Executive summary. Participation in gambling activities (Chapter 2)

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1 Executive summary This report presents results from the British Gambling Prevalence Survey (BGPS) This is the third nationally representative survey of its kind; previous studies were conducted in 2007 and The aims of the BGPS 2010 were to provide data on participation in all forms of gambling in Great Britain, the prevalence of problem gambling, attitudes to gambling and to explore a range of associations with gambling behaviour. The 2010 study is the first in this series to be conducted after the full implementation of the Gambling Act Therefore, a further objective was to, where possible, provide some comparisons pre and post implementation of the Gambling Act Overall, 7,756 people participated in this study. Participation in gambling activities (Chapter 2) Overall, 73% of the adult population (aged 16 and over) participated in some form of gambling in the past year. This equates to around 35.5 million adults. This represents a return to rates observed in 1999 (72%) and an increase from the rate observed in 2007 (68%). As noted in previous years, the most popular gambling activity was the National Lottery. In 2010, 59% of adults had bought tickets for the National Lottery Draw, a slight increase from the rates observed in 2007 (57%) but lower than rates observed in 1999 (65%). Excluding those who had only gambled on the National Lottery Draw, 56% of adults participated in some other form of gambling in the past year. Comparable estimates for 1999 and 2007 were 46% and 48%. This highlights a significant increase in past year participation on other gambling activities, such as an increase in betting on other events i.e., events other than horse races or dog races with a bookmaker (3% in 1999, 9% in 2010), buying scratchcards (20% in 2007, 24% in 2010), buying other lotteries tickets (8% in 1999, 25% in 2010), gambling online on poker, bingo, casino and slot machine style games (3% in 2007, 5% in 2010) and gambling on fixed odds betting terminals (3% in 2007, 4% in 2010). Only one activity showed a large decrease in popularity between survey years. This was football pools (4% in 2010, 9% in 1999). There were some small but significant decreases in the popularity of slot machines (13% in 2010, 14% in 2007 and 1999) and online betting (4% in 2007, 3% in 2010). For all other gambling activities, there was either no significant change between survey years or estimates varied with no clear pattern. In 2010, after the National Lottery, the most popular gambling activities were other lotteries (25%), scratchcards (24%), betting on horse races (16%), playing slot machines (13%) and private betting (11%). Less than one in ten people took part in each other activity. Estimates ranged from 9% who took part in bingo and betting on sports events to 1% who reported spread betting. The prevalence of playing poker in a pub tournament or at a club was measured for the first time in Overall, 2% of adults reported playing poker this way in the past year. Overall, the average number of different activities people participated in within the past year was 1.9 (2.3 for men; 1.6 for women). Male past year gamblers took part in three different activities per year on average (3.0) whereas female past year gamblers took part in just over two different activities (2.3). British Gambling Prevalence Survey 2010 Executive summary 9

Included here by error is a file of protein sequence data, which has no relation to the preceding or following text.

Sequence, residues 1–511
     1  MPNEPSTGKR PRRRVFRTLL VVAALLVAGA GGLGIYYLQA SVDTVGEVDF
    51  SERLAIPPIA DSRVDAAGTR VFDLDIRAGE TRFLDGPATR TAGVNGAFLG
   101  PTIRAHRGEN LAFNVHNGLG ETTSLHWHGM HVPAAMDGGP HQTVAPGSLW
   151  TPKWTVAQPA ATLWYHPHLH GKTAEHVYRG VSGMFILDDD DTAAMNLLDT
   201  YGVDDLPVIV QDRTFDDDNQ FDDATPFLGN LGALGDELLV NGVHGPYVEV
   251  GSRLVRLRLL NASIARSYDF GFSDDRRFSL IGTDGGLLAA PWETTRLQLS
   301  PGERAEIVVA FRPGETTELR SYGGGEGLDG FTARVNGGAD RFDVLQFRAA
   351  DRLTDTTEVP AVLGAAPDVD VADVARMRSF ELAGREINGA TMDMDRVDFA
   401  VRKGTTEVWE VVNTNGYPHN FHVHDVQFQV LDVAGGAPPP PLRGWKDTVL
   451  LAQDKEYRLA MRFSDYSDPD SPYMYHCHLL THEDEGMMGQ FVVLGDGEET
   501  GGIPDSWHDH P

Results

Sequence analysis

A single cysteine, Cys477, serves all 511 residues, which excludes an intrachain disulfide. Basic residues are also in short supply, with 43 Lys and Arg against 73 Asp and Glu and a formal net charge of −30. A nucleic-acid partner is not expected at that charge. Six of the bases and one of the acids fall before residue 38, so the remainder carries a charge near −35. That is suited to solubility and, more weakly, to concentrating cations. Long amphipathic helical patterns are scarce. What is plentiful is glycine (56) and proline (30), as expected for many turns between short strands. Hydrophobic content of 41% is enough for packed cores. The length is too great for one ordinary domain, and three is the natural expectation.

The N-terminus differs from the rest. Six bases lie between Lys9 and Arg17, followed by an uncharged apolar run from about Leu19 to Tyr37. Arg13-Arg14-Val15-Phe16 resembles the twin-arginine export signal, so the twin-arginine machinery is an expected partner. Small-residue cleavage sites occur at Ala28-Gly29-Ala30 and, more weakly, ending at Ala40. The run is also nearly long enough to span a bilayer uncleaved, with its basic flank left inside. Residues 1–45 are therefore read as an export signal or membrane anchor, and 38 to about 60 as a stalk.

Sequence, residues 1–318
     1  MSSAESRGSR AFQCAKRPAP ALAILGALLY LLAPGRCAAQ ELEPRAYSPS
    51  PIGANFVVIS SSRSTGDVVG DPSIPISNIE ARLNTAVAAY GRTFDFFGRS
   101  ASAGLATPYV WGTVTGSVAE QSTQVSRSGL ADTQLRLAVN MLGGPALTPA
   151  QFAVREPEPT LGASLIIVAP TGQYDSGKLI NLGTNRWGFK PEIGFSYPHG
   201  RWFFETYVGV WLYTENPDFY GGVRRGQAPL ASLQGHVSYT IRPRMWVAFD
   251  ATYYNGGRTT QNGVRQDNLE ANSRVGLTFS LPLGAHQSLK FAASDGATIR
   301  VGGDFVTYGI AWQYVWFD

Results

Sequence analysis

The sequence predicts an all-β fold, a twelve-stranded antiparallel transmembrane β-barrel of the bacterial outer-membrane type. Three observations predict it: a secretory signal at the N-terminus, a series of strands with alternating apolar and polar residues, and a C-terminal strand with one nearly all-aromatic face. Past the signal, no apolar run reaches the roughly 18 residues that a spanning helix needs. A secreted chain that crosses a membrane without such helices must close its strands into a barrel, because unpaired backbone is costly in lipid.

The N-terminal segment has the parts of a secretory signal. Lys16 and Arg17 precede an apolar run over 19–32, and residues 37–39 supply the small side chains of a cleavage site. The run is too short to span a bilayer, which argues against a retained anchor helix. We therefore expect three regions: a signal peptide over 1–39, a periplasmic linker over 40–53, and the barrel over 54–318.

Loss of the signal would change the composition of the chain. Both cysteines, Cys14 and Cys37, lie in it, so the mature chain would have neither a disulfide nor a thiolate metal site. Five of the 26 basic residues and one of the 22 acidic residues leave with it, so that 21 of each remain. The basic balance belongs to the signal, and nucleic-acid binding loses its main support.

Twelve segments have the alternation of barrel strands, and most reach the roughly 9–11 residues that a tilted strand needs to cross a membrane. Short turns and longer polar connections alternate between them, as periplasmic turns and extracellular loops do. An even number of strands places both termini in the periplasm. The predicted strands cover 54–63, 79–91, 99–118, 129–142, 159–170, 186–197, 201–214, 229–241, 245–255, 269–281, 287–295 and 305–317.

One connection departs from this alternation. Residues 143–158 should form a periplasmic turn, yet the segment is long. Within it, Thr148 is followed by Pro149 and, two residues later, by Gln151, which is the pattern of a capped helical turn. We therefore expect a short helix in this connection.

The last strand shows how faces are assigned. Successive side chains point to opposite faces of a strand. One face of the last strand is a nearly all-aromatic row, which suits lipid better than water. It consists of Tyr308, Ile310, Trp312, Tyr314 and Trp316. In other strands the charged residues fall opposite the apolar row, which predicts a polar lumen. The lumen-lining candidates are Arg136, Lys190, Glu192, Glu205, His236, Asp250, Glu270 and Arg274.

2 How people participated in gambling activities (Chapter 2) A core objective of the 2010 survey was to collect more detailed information about how people gamble. Overall, 14% of adults had used the internet to gamble in the past year. This included buying lottery tickets online, betting online, playing casino games, bingo or other slot machines style games and playing the football pools online. The 2007 survey used a more conservative definition of online gambling. This only included gambling online on casino, bingo or online slot machine style games, betting online or using a betting exchange. In 2010, 7% of adults participated in these activities, an increase from 6% in This increase was greater among women than men. Among past year gamblers, 81% reported that they gambled in-person only, that is they gambled using any offline method, such as placing a bet in a betting shop, visiting a casino or bingo hall, buying lottery tickets or scratchcards in a shop and so on. 17% of past year gamblers had gambled both online and in-person. Only 2% of past year gamblers had gambled online only. For most activities which can be participated in both online and offline, the vast majority of gamblers chose to take part in these offline. However, two activities stood out as having a relatively high proportion of online activity; casino games and betting on other sports events. Among those who had played casino games in the past year, 39% had done so online. Likewise, 27% of past year sports bettors reported that they placed their bet online. Who participates in gambling activities (Chapters 2 and 3) Men were more likely than women to gamble overall (75% for men and 71% for women). Men were more likely than women to take part in most gambling activities. The exceptions were bingo (12% for women and 6% for men) and scratchcards (25% for women and 23% for men). Among women, past year gambling increased from 65% in 2007 and 68% in 1999 to 71% in Among men, past year gambling estimates were higher in 2010 than 2007 (75% and 71% respectively). However, the 2010 prevalence rates were not higher than those observed in 1999 (76%). As in previous years, gambling was associated with age. Past year gambling participation was lowest among the youngest and oldest age groups and highest among those aged Past year gambling prevalence rates were highest among those who were either married or had been married (75%), respondents who were White/White British (76%), those whose highest educational attainment was GCSEs or equivalent (76%) or had other qualifications (78%), those from lower supervisory/technical households (79%), those in paid work (78%), those with the highest personal income (79% for the 4th income quintile and 76% for the highest income quintile) and those living in the East Midlands (80%). Gambling involvement (Chapter 4) An objective of the 2010 survey was to collect better information about how engaged people were with gambling (termed gambling involvement in this report). This includes measurement of gambling frequency, the number of activities undertaken and broad estimates of money and time spent gambling. 59% of people who participated in the National Lottery did so once a week or more often. Only football pools was undertaken with a similar level of frequency; 54% of people who play football pools reported doing this once a week or more often. There were five other activities which were undertaken at least once a month by half or more of all participants. These were bingo played in person (54%), casino games played on line (53%), spreadbetting (53%), fixed odd betting terminals (52%), and poker at a pub/club (50%). 10 British Gambling Prevalence Survey 2010 Executive summary